Cambridge University researchers find “ecosystem services” provide more value than forestry or farming the land.
In the largest study of its kind to date, researchers concluded that the returns of “ecosystem services” outweigh the dollar value of resource-extraction from wild lands.
Cambridge University and the Royal Society for the Protection of Birds looked at 24 sites in six continents. Their findings are published in the current issue of the journal Nature Sustainability.
The team compared keeping the land “nature-focused” with alternative “non-nature” development over the course of fifty years. Calculating carbon’s value conservatively, the researchers still concluded that 70 percent of the nature-focused sites held more economic value when left undeveloped.
By this logic, the researchers point out that even when economic gain is the primary motivator, habitat conservation is still the more viable option.
This research comes a month after another significant Cambridge finding. That review cited “extreme risk” to the planet as a result of economics failing to place value on the natural world. Its rapid demise is not being calculated as it should, coming at a “devastating cost.”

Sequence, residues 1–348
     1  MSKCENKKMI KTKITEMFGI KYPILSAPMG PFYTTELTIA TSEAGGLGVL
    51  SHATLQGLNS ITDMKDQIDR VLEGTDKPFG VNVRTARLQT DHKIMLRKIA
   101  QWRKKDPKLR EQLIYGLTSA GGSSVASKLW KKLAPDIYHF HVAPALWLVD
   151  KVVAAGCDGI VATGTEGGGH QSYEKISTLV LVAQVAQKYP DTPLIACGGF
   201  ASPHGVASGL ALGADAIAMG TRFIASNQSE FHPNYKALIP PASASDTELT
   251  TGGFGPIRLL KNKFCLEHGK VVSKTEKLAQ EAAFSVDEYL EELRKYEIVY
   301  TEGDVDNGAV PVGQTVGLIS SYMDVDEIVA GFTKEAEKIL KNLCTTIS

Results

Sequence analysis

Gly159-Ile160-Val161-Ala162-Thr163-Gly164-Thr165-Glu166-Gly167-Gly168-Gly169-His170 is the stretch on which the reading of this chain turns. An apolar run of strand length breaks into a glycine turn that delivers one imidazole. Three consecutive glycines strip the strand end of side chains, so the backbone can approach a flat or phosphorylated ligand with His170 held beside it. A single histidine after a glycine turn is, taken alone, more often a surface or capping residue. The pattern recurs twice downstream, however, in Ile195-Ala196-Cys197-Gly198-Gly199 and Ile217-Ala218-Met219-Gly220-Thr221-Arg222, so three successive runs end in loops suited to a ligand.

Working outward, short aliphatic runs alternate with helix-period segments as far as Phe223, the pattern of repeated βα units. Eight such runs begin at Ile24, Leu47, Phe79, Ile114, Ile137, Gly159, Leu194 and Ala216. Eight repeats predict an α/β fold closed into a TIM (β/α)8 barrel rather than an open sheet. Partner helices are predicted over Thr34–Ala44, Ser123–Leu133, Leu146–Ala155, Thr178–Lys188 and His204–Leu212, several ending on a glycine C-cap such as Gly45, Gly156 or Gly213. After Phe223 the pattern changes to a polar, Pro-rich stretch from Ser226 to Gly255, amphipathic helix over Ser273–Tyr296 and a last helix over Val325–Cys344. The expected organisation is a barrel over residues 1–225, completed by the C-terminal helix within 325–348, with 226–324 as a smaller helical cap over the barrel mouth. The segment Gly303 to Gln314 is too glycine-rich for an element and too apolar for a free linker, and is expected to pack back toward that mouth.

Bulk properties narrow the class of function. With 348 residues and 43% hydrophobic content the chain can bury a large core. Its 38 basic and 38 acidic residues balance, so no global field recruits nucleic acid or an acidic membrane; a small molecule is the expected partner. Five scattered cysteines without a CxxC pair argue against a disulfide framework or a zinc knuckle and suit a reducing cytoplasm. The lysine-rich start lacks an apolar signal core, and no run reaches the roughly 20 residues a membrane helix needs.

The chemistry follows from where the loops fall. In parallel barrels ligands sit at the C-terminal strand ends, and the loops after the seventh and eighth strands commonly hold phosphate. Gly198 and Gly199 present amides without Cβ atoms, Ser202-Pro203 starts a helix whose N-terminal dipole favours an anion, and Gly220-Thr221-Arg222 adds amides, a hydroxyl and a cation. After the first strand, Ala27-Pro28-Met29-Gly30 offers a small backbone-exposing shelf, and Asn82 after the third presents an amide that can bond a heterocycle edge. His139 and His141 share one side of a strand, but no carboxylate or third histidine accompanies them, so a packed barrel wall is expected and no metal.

Other studies have also found forestland to bring more value when left in tact. A recent plea to global leaders from 500 climate scientists identified another issue: the impact forest-burning for biomass has on the planet.
“Government subsidies for burning wood create a double climate problem because this false solution is replacing real carbon reductions,” the group wrote. Trees, the group says, are “more valuable alive than dead both for climate and for biodiversity.”